These barriers contribute to Oregonians with disabilities being less physically active. And if these are barriers a person with a disability faces going to the gym, imagine how physical barriers inhibit a person’s ability to access health care. We know being less active due to physical barriers, or any barriers for that matter, can contribute to having a higher BMI, which can contribute to diabetes. This is, in fact, what we see among Oregonians with disabilities. They are less likely to be physically active, more likely to develop diabetes, and more likely to rate their health as poor or fair than their able-bodied counterparts. Physical barriers also contribute to social isolation and depression, as well as a significantly higher prevalence of chronic diseases for people living with disabilities. This example illustrates how physical and built environment barriers can contribute to the prevalence of chronic disease among Oregonians with disabilities.

Education is described by a graduation hat icon, Employment is described by a work bag icon, and Income is described by a dollar bill icon
Oregonians with disabilities are less likely to have the basic things we all need to be healthy. These include education, employment and income.

PMO: And now let’s move to those more invisible barriers, things that are social and cultural, right? What is your perspective on this, particularly since you not only work in this field, but you are experiencing it yourself?

West: OK, I’ll use another example. It’s mind boggling to me that these systemic barriers against people with disabilities still exist. Medicaid asset income restrictions, which are set by the Centers for Medicaid and Medicare, unjustly penalize workers with a disability who need long-term supports and services. In order to be eligible for long-term supports and services through Medicaid, a person in Oregon with a disability must limit their countable assets to $5,000 and income to less than 250% of the Federal Poverty Level, which is $32,000 for a family of 1 or $55,000 for a family of 3. By restricting a disabled employee’s ability to earn and save, the state has closed all pathways to prosperity in the best- case scenario, and indentured that family to poverty in more difficult circumstances. That person can never take a pay raise, even if they merit it, without risking losing their health benefits.

These policies are regressive and discriminatory against people with disabilities. Imagine if your private health insurance payer dramatically restricted your income and assets in exchange for covering your cholesterol medication. Undoubtedly, we’d think that is unfair. This is the situation some Oregon workers with disabilities face. Because they need long-term supports and services, like a personal care attendant to help them with the activities of their life, they are forced to live on restricted assets and income. And unfortunately, no other private or employee-based insurance will pay for a round-the-clock personal care attendant to support a worker with a disability. It’s not the person with a disability’s fault, but Oregon’s Medicaid asset and income eligibility requirements discriminate against them, barring them from fully participating in gainful employment or advancing in their jobs. The downstream effect of these policies is it’s harder for people with disabilities to advance into management, upper management or executive positions. These restrictions need to be removed, but without people with disabilities in positions of power, it’s even harder for us to make systemic change.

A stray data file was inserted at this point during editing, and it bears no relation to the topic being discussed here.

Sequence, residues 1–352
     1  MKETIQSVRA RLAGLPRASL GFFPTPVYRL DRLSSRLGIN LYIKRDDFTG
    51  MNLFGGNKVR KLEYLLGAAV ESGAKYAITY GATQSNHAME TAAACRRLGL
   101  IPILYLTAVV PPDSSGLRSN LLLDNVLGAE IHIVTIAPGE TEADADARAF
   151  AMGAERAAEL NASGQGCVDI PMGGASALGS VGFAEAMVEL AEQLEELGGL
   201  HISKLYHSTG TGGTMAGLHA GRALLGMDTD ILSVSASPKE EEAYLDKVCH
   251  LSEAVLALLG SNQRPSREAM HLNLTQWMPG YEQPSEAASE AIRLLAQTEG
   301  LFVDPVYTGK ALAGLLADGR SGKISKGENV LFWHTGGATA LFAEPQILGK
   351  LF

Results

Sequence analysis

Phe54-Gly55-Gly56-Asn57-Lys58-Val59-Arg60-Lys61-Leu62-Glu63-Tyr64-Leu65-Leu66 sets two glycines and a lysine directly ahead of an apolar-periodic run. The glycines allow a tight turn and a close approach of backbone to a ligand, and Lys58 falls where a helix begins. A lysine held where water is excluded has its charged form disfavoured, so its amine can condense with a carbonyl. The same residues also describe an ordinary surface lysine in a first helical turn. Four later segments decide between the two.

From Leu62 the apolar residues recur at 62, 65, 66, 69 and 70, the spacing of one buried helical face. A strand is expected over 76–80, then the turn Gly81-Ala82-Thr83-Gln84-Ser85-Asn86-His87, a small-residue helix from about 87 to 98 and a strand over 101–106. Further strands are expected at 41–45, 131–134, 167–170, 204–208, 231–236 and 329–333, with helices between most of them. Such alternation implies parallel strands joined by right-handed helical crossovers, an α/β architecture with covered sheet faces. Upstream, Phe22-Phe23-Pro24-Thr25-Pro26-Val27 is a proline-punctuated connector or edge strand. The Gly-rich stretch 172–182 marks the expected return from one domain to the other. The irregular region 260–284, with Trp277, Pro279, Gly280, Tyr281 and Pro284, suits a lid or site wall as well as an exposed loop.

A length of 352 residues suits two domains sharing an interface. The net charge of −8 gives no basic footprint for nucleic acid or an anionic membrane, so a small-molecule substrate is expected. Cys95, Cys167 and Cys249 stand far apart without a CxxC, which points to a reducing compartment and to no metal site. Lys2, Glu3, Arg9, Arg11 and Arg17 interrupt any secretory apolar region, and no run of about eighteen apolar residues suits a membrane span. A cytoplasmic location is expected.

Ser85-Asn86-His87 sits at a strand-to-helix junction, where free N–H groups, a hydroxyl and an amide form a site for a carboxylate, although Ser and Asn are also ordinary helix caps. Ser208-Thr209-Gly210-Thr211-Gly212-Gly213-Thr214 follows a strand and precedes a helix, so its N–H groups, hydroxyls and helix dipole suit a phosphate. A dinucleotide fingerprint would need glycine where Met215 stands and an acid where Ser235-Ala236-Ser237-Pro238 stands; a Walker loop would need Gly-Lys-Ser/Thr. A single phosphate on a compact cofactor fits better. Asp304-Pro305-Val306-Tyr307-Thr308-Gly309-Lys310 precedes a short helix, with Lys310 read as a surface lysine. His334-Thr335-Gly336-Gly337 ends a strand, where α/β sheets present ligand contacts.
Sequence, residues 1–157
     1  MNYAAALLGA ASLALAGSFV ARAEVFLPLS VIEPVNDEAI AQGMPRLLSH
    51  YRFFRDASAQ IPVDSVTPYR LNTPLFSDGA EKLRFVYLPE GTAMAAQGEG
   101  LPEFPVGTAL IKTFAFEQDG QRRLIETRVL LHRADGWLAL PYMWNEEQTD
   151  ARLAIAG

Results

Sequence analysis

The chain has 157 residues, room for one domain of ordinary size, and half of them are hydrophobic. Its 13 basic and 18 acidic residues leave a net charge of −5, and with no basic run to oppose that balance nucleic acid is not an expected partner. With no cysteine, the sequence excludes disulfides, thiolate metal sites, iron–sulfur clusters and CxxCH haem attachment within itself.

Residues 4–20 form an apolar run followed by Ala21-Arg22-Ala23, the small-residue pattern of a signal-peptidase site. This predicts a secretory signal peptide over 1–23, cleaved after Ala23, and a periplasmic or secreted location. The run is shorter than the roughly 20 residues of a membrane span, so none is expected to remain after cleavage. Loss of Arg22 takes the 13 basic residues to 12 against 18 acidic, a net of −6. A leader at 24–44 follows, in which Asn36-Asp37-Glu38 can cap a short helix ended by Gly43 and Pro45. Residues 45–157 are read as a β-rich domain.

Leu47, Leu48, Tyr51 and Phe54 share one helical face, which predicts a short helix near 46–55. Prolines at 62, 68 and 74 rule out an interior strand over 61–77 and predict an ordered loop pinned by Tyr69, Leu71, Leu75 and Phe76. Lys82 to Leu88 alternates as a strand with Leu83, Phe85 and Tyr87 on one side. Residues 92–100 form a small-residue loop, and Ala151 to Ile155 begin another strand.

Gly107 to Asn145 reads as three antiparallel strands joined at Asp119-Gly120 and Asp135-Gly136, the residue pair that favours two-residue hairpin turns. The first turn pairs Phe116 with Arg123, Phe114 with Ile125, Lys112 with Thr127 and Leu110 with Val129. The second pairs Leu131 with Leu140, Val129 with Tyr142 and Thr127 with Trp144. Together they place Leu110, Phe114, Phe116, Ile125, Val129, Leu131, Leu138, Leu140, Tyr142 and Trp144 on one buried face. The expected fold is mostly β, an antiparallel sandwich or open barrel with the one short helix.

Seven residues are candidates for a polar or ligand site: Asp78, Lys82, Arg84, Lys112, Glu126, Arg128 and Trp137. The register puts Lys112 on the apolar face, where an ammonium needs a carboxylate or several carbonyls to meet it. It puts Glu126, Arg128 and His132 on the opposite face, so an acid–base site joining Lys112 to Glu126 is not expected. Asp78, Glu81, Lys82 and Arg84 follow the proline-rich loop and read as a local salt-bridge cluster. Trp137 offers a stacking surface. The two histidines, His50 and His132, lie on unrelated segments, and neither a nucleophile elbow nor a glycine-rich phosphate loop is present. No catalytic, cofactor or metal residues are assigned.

West and a friend kayaking Estacada Lake.

Other invisible challenges include attitudinal barriers, or stigma against people with a disability. People who live with disabilities are more likely to be victims of violence than those without disabilities. Attitudinal barriers also inform our cultural norms, values, stories and images. There are no movies with superheroes who are disabled; people living with a disability are not portrayed as sexy or attractive. If you have a disability, you can feel unwelcome and treated as “other” from media, magazines and culture. Those all inform what it means to be disabled. People with disabilities have strengths just like others, and improving media representation with positive images and narratives, like what the Paralympics has done, will continue to help combat stigma.

I’m married. It’s not uncommon for people to say to my wife, “you’re brave” to have married someone with disabilities. Their biases, their attitudinal barriers, lead to discrimination.